I needed a CL interpreter which would host the compiler (which I wrote in Common Lisp) which calls the LLVM-IR library to generate llvm::Module objects which contains llvm::Function objects that are Just-In-Time compiled into machine code and called via C function pointers from the Common Lisp or C++ code.
I did not want to write a Common Lisp compiler in C++ (shudder).This project started as an archaic Sexp walking Lisp interpreter that grew into a very slow Common Lisp Sexp walking interpreter within which I wrote a reasonably fast self-hosting Common Lisp compiler that generates LLVM-IR.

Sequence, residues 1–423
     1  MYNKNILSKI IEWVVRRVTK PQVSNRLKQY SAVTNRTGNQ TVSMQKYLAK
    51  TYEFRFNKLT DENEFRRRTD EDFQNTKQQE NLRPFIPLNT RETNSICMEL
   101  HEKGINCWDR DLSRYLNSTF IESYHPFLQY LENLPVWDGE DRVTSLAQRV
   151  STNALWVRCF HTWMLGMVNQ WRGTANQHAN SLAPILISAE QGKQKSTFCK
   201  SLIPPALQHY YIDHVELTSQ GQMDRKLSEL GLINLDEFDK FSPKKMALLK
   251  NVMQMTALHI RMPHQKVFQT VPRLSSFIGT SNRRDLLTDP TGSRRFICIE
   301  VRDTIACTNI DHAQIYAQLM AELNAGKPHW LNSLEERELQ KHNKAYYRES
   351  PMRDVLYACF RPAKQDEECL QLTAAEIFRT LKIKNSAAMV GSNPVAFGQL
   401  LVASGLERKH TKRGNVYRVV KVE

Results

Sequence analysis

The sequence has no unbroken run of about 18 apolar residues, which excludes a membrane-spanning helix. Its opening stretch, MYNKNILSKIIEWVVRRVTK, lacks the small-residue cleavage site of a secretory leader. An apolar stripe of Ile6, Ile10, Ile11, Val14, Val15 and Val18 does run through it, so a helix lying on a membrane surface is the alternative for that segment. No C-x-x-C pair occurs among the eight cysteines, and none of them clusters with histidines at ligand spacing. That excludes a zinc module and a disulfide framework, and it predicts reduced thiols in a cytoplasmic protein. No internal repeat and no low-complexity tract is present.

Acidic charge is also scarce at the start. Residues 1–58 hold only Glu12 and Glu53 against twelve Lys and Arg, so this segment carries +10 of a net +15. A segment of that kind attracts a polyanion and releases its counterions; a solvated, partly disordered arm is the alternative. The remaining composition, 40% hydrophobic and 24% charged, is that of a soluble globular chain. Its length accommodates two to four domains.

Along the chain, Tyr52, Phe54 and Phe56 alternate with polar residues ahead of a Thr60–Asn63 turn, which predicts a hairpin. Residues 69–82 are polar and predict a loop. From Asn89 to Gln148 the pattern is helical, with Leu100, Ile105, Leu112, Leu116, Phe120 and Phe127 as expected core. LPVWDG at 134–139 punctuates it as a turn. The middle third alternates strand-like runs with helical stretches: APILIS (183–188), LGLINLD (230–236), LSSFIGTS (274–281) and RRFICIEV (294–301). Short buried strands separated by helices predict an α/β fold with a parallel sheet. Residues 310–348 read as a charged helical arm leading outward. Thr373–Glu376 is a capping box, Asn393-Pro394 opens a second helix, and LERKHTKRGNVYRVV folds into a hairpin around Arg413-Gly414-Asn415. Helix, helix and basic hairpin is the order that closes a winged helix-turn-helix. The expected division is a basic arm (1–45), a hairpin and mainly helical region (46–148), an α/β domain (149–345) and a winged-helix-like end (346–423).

I didn't know that when I started. I know that now - the bridge doesn't require the compiler and LLVM backend- the CL/C++ bridge is all C++ template programming, lots and lots of template programming.It's styled after the boost::python library if you are familiar with it.Once I started writing the compiler and exposing and using the LLVM backend I just kept going.Although, having intimate familiarity with the Common Lisp implementation I wrote has greatly facilitated the development of the bridge.
We could get it to work with ECL as well if you want it - although it's going to take some work.
Then we could incorporate the LLVM-IR generating compiler into ECL.
1) C++ classes behave like CL structures.
3) Memory management is currently handled using reference counted C++ shared_ptr/weak_ptr. I plan to add mark-and-sweep GC later.